Don’t be greedy, there is a price at which the gun will sell and one at which it will sit for years, if you can’t agree the value with the dealer you can always try your luck at another shop or the auction. If you want to sell the gun outright there will most likely be a chance for that also assuming you select the right dealer for your type of gun and also allow the dealer the margin to put it in stock.
Finally a shameless plug! Westley Richards has an international client base and we are always looking for high quality guns and rifles by best makers. We have a popular website which features a used gun section and we advertise on 2 other sites with excellent traffic and results. We would be pleased for the opportunity to discuss your gun or gun collection!
A frequent problem encountered with our, or in fact anyone’s make of guns, is that of safely re-cocking the locks if the gun is fired when the barrels and forend are off the gun. Some people prefer to store their guns unassembled and with the hammers let forward or fired, others may just accidentally pull a trigger when the barrels are off.
With the gun in a fired position and apart, assembly can occassionally be awkward, the barrels will go on easily but perhaps the forend will not and you are worried about breaking something. If you assemble a fired gun and carefully align the forend and close it you will perhaps to use a little more pressure than normal to get it to seat. Once the forend is locked in position when you open the gun the gun will cock as normal.
If the above does not work with your detachable lock gun or if you’re afraid of breaking something follow this method.
In order to assemble the gun the lockwork will need re-cocking meaning the hammers being put back in the ‘ready to fire position’, with a detachable lock gun first open the cover plate as above and rest on the edge of a table or similar, something that will not scratch the steel.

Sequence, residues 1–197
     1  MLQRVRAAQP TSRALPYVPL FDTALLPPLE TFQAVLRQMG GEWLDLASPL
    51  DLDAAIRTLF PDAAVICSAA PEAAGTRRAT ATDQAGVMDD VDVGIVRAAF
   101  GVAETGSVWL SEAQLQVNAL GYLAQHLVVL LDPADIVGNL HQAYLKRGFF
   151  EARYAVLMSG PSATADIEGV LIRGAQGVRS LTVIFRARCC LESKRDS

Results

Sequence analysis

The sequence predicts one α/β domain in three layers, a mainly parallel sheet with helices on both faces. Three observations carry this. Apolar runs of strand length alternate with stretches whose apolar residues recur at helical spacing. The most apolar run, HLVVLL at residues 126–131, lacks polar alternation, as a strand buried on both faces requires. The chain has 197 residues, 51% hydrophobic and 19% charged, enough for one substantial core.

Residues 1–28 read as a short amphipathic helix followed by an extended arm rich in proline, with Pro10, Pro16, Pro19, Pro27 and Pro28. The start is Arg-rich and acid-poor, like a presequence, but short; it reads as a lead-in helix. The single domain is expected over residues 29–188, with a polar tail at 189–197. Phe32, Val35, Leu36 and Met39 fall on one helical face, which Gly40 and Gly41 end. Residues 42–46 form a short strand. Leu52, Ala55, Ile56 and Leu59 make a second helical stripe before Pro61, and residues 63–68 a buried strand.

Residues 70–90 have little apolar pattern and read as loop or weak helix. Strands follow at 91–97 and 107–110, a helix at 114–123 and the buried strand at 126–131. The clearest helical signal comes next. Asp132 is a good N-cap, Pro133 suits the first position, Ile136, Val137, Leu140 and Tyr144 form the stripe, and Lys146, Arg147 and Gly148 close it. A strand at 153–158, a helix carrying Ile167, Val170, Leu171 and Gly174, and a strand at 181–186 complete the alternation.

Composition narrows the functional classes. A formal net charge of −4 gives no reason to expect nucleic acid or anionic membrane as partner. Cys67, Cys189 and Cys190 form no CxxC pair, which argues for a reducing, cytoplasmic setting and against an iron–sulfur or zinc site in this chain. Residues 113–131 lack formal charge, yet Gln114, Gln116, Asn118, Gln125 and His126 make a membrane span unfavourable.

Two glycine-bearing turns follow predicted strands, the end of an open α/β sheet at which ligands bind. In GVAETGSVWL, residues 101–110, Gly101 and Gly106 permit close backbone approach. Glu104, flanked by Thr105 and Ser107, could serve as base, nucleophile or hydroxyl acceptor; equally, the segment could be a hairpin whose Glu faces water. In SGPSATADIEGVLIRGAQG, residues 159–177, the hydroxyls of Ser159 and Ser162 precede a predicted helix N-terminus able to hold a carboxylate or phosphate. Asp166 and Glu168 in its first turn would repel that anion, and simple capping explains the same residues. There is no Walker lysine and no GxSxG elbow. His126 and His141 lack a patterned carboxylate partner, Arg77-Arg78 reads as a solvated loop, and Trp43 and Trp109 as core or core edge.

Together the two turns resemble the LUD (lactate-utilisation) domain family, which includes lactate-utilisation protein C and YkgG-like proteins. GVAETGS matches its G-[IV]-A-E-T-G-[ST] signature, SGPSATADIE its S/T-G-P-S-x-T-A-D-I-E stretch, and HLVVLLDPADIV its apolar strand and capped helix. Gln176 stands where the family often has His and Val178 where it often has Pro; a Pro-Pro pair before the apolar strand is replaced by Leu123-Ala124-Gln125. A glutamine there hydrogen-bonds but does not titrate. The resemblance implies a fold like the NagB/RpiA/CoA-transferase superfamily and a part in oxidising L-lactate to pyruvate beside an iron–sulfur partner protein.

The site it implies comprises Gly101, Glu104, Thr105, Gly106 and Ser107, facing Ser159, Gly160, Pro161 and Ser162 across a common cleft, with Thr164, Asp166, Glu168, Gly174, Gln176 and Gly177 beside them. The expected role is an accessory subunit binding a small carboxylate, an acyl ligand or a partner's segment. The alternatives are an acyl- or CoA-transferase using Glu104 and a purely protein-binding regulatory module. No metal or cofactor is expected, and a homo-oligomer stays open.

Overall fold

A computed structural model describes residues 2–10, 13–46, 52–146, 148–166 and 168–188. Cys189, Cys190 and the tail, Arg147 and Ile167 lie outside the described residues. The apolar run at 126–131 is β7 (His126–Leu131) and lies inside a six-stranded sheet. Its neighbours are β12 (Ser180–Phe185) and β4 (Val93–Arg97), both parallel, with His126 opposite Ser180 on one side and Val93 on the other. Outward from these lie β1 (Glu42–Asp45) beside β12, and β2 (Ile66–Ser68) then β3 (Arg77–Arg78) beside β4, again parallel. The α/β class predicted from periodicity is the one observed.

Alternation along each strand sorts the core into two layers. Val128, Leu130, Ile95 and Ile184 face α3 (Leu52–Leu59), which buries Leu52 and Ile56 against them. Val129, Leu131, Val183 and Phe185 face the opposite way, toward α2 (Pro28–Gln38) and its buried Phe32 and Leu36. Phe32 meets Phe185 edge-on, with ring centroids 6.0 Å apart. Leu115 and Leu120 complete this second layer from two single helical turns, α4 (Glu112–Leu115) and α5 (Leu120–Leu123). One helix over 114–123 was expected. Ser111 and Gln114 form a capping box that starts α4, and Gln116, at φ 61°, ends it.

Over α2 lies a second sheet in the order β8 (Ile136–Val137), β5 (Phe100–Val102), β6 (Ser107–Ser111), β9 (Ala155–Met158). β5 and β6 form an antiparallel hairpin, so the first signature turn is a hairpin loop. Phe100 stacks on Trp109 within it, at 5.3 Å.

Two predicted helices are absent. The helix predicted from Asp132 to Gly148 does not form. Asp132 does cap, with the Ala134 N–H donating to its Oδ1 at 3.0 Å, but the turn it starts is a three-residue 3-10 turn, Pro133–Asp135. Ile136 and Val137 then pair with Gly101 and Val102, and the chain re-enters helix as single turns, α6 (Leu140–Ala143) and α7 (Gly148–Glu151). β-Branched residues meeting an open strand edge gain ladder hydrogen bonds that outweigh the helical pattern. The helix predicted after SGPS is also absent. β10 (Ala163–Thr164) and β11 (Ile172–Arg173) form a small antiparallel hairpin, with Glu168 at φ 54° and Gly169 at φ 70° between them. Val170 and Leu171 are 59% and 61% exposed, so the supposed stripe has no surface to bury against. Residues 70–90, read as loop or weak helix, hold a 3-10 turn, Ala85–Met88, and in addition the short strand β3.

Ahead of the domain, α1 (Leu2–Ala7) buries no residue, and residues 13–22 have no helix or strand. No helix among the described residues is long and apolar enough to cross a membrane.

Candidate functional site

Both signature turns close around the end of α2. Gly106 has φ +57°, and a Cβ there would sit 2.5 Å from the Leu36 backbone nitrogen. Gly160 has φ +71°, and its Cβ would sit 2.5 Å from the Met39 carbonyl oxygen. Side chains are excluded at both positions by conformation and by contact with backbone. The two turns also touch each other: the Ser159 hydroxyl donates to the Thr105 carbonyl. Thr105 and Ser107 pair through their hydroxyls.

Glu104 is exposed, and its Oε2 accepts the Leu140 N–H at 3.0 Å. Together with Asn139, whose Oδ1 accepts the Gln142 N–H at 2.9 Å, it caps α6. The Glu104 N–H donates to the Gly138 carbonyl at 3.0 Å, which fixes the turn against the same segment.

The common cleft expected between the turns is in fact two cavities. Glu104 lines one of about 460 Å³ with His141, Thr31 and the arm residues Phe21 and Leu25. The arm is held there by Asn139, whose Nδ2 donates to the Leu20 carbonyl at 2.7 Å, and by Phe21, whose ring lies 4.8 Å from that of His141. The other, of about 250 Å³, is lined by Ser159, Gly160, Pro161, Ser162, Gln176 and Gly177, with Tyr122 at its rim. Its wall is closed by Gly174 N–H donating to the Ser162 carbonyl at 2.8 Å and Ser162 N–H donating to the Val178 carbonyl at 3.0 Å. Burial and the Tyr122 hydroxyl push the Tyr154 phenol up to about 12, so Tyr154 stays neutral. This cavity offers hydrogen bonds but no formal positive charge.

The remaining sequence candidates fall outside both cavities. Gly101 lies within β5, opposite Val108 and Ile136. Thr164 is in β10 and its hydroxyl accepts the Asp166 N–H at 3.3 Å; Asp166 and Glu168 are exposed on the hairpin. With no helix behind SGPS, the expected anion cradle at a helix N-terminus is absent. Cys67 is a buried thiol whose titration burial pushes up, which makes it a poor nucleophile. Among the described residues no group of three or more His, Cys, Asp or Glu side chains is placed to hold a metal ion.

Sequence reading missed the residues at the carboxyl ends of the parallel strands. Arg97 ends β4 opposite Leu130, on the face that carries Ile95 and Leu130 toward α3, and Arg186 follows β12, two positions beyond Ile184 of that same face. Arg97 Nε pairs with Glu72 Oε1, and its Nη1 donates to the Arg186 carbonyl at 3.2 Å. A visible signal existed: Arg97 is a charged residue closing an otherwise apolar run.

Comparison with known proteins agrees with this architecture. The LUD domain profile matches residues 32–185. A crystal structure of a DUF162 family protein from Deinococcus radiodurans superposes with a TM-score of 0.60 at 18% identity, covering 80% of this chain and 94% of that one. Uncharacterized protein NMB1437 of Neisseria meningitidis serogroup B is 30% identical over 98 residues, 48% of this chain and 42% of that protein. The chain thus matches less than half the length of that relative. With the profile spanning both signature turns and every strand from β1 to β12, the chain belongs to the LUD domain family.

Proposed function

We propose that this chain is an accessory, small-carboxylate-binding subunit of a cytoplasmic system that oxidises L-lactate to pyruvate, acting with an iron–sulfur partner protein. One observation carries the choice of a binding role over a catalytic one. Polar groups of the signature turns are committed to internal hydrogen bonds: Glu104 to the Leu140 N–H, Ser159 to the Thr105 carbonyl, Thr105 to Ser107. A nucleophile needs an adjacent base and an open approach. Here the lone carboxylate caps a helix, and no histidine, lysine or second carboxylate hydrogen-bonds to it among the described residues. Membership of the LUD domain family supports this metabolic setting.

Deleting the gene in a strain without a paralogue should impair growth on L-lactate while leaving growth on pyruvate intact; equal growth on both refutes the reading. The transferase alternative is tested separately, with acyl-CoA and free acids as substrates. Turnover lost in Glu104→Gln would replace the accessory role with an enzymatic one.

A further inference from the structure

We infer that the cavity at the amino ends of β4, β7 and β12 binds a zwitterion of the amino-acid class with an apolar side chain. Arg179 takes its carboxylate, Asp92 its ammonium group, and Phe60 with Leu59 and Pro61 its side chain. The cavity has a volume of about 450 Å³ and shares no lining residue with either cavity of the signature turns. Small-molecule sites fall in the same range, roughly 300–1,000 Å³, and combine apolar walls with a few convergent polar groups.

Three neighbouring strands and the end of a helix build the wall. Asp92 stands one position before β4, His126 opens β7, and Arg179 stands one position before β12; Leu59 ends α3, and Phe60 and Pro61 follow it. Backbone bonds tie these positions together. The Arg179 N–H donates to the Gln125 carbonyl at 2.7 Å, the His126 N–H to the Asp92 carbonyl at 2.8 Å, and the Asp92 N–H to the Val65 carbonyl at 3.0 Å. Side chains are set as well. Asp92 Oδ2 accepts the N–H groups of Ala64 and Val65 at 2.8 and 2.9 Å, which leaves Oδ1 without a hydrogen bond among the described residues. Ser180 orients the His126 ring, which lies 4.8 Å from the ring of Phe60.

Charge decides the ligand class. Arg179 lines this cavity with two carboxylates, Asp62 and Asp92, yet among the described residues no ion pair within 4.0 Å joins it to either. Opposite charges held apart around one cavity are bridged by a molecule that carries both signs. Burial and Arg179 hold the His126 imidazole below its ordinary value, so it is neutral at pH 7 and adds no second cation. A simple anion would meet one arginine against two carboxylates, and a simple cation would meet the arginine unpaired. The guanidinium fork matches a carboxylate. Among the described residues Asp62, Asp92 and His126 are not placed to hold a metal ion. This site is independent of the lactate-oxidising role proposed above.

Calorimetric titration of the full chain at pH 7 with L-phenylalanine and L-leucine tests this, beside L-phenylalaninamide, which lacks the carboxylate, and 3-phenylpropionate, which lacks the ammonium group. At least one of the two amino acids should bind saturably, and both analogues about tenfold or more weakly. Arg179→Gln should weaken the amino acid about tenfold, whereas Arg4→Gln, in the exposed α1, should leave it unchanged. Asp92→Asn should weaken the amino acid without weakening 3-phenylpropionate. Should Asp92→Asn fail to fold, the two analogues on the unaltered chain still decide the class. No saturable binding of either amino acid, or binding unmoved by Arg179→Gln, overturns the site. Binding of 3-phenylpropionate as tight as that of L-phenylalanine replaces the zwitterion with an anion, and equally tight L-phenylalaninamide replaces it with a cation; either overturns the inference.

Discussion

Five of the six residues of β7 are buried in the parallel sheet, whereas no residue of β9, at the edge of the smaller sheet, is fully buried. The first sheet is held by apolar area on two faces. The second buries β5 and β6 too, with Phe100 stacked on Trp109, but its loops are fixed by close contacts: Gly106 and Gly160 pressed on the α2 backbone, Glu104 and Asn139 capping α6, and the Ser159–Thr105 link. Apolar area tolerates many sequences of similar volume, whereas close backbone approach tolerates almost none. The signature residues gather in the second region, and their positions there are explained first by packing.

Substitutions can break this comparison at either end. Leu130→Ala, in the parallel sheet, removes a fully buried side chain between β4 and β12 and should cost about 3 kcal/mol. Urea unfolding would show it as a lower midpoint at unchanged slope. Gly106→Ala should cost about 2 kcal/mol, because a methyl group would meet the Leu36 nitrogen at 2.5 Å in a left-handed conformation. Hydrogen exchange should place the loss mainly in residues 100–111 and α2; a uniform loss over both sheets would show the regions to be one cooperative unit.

We use a rounded piece of copper but a thin piece of hardwood, plastic or brass will also work. You do not want to use steel on steel as it will scratch. Put the end of your tool in the position shown on the foot of the cocking dog.
The process of regulating a double rifle is one that we are doing on a very regular basis here at Westley Richards. With over 45 double rifles currently on order in the factory, it equates to nearly one rifle a week. The task of regulating the rifles falls in the safe hands of Stuart Richards who was himself taught the process by both Keith Thomas and Ken Halbert. Both were past foremen in the factory who undertook our regulating during their time here.
Regulating the barrels of a rifle means adjusting/regulating the 2 barrels of a rifle to shoot to the same point of aim at a given distance. This is acheived by a repetitive process of shooting the rifle and then making minute adjustments to individual barrels in a specific jig, ultimately moving the barrels to the correct the point of impact.
At Westley’s we shoot our rifles on our range, this is equipped with both a chronograph and an electronic target system. The chronograph measures the individual velocity of each shot, a consistent velocity is required to judge the shots and this way we are able to pick up any ‘flyers’ meaning low or high velocity shots and these can then be discounted in any adjustments. I would emphasise, that without very consistent loads, regulation is impossible, and this is an area we have invested a considerable amount of time and money on here over the years. The electronic target system provides an accurate history of all the shots taken during the regulation process.
Having shot the rifle with 4 shots to confirm accuracy the rifle is then disassembled, front sight removed and the barrels are placed in a regulating jig as seen above. This jig supports the barrels and allows individual adjustments through the use of 9 hex head bolts. There is a wedge in the muzzle of the rifle which aides in the barrels being drawn either inwards (draw wedge out) and apart (push wedge in).